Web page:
Once the Lord got everyone’s attention, they encountered a couple of things: first, they encountered hearing the Gospel preached each in their own language, from all those places I mentioned.  It is the exact opposite encounter of what happened at the Tower of Babel.  There, God felt the need to thwart the human desire to be like God, so he created multiple languages. See Genesis 11. Here, he unifies the people with a singular message, understood in every language present, presenting the mighty acts of God: that Jesus Christ is the Savior of the World.

         I have been on both sides of this debate about speaking in tongues. We believe in ecstatic speech, speech of the Holy Spirit that is so deep that it expresses itself in a language all its own. The passage here clearly indicates that a communication of a message was the key purpose on this day. It cannot be denied, I believe that there was also ecstatic speech because of the power of Holy Spirit.  It is clear that the detractors thought the apostles were drunk. This can only be because sometimes, especially when we are baptized in the Holy Spirit, it is overpowering. It can be, indeed, a “holy black out.”  If you have ever seen a bunch of free range Pentecostals, it can look like people have been drinking.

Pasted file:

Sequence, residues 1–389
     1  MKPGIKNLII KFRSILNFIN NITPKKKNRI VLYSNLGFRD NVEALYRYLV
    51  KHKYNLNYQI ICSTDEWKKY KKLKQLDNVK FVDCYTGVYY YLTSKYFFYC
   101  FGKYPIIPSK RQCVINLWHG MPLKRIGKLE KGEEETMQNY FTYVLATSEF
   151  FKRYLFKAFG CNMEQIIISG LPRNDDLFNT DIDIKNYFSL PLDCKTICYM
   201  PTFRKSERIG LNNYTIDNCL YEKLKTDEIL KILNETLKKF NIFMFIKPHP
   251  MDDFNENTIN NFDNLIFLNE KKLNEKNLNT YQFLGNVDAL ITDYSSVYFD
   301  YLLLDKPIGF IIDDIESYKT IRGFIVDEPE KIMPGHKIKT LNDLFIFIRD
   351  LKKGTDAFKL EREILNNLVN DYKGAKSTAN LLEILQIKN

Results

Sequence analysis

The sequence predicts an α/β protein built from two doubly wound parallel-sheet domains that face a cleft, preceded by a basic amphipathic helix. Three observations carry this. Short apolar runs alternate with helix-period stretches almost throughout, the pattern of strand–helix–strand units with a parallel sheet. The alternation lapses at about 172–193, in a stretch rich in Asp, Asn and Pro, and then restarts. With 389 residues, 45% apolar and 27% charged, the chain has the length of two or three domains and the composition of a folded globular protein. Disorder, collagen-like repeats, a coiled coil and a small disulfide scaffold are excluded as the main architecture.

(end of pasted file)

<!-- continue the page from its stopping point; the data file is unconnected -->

Although I do not possess the gift of ecstatic speech, or speaking in tongues, I have heard it, seen it in our own parish and diocese. Yet, what I have learned from those who are wise and gifted in ecstatic speech and prophecy, is that there is an insistence that there be a purpose, a message, or someone to whom that speech is directed.